FSIN frustrated after RCMP disperse ceremony attendees on Beardy’s and Okemasis

FSIN Chief Bobby Cameron. (Herald file photo)

The Federation of Sovereign Indigenous Nations (FSIN) is voicing disappointment on how RCMP dispersed a cultural gathering under COVID-19 public health orders.

According to a news release, Beardy’s and Okemasis Chief Edwin Ananas received a call on Sunday regarding a sundance taking place on the territory. 

RCMP dispersed approximately 20 people taking part; however, the release said all were following safety protocols and private security officers were on site.

Ananas said the First Nation’s leadership is frustrated because chief and council were not contacted prior to police coming to the gathering.

“We are also frustrated with the simple fact that there are more people at a Walmart at any given time than there is at a sundance, but you don’t see police going in to break up those mass gatherings, so why are First Nations spiritual and healing ceremonies being targeted?” he questioned.

The FSIN said it supports any First Nation who wishes to conduct a traditional ceremony while following proper physical distancing.

“We don’t need anyone telling us we won’t be allowed to conduct ceremonies,” said FSIN Chief Bobby Cameron.

“Our knowledge keepers know how to use our traditional medicines from the land to heal our people and have been conducting these ceremonies and traditional healing practices for centuries. Our ceremonies have lived through past pandemics and will continue on through this one as well.”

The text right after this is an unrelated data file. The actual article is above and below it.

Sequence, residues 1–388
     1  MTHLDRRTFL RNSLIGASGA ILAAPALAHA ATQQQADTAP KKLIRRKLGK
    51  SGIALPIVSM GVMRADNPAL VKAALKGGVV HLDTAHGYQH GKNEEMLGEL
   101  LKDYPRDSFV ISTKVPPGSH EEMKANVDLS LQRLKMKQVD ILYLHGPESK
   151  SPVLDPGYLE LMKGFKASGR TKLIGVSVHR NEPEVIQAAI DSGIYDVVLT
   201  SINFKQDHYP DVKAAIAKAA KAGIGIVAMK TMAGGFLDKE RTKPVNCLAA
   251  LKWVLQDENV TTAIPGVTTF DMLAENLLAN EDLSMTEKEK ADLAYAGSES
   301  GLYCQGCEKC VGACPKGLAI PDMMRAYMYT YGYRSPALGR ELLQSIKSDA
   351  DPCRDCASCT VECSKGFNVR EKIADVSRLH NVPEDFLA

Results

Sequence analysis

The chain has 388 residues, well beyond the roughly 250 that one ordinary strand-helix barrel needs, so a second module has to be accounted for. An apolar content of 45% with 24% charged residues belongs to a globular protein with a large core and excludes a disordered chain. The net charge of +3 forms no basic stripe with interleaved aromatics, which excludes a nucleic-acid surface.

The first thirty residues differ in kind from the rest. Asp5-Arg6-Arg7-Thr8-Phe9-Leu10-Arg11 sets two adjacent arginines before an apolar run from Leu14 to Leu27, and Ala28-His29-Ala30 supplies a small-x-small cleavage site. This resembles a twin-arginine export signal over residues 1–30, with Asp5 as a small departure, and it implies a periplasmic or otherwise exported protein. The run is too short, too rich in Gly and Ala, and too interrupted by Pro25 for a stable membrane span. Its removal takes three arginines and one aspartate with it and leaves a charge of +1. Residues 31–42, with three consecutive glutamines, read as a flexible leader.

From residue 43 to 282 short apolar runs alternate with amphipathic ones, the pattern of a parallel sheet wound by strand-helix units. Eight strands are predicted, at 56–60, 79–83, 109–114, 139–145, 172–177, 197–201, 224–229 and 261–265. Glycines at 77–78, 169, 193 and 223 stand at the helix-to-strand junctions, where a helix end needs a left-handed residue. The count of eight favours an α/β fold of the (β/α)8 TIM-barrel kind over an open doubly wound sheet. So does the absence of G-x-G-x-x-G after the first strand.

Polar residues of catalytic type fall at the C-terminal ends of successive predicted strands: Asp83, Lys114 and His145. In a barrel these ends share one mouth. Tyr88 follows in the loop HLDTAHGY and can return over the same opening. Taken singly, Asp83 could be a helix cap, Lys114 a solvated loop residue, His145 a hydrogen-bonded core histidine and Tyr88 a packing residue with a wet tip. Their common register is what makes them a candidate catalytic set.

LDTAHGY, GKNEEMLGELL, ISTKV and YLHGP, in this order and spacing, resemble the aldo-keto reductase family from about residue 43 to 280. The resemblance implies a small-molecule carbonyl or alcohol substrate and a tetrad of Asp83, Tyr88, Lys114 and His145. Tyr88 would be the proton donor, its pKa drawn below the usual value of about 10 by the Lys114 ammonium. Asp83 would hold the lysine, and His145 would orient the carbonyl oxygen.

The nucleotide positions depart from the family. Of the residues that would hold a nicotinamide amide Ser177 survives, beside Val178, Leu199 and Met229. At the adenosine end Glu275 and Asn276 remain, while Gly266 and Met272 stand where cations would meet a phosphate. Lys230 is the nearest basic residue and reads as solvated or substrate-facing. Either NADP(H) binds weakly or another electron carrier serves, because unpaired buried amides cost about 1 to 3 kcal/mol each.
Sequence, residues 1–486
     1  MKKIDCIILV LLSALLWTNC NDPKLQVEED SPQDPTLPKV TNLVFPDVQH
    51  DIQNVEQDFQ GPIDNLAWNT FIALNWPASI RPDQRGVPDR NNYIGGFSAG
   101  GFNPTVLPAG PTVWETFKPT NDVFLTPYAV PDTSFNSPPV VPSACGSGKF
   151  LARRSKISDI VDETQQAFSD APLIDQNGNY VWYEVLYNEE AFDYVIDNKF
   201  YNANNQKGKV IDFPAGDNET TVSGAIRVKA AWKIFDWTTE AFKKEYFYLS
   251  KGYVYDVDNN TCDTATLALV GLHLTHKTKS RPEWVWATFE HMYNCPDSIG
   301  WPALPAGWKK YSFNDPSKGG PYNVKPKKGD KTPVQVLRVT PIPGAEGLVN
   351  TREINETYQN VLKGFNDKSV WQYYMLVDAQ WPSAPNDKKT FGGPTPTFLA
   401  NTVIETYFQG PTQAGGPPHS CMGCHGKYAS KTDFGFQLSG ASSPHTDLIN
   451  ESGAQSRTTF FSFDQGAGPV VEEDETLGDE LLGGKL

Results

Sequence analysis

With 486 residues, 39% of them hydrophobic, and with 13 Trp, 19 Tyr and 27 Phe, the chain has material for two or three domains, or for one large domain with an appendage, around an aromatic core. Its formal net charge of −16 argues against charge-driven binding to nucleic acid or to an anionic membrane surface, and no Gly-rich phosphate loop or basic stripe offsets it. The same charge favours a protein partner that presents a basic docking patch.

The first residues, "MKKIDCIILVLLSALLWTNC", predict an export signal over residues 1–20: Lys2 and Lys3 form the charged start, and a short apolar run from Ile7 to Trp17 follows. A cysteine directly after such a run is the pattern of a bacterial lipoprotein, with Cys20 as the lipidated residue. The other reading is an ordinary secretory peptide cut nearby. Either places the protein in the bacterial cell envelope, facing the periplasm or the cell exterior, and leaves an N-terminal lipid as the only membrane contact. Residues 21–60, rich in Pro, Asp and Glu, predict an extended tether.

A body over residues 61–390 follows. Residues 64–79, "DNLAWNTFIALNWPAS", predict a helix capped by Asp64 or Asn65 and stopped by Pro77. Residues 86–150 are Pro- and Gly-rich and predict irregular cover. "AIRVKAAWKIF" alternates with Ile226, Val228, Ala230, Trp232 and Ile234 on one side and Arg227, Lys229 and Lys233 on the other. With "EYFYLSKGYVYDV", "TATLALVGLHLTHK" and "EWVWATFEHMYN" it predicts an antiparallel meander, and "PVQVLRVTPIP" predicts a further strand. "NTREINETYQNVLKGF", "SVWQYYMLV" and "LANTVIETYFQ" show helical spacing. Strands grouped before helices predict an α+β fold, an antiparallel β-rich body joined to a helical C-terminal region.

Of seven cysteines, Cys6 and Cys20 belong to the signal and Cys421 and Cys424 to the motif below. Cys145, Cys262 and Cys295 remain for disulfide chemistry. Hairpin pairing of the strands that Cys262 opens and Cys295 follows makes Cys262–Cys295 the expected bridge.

Vice-Chief David Pratt also expressed disappointment, saying some First Nations have reported that officers are attempting to stop traditional ceremonies.

“With a number of other issues facing our communities, we do not believe the RCMP resources are best spent on patrolling spiritual practice complaints in First Nations territories.”

Beardy’s and Okemasis is located about 60 km southwest of Prince Albert, near Duck Lake. 

In Wednesday’s COVID-19 media update, a reporter asked Premier Scott Moe why the public health order—which caps public and private gatherings at 10 people—doesn’t grant an exception for First Nations ceremonies.

“The virus doesn’t care. It just simply doesn’t,” Moe responded.

“The public health orders that are in place apply to everyone, quite frankly because this virus…impacts and affects everyone.”

He said organizers of other religious and cultural gatherings have modified them to fit the order. Ramadan celebrations, for example, are looking much different than Moe’s ever seen.

I will be be talking to Bobby Cameron with respect to how we can work together…on how we can do better by serving our people, but by also ensuring that they can still gather like many other gatherings have, but ensure that they are staying physically distant and keeping our communities and our citizens safe.”

Cameron said the FSIN has been encouraging everyone to continue not just physical distancing, but hand washing, not touching their faces and staying home if they’re feeling sick or displaying symptoms of the virus.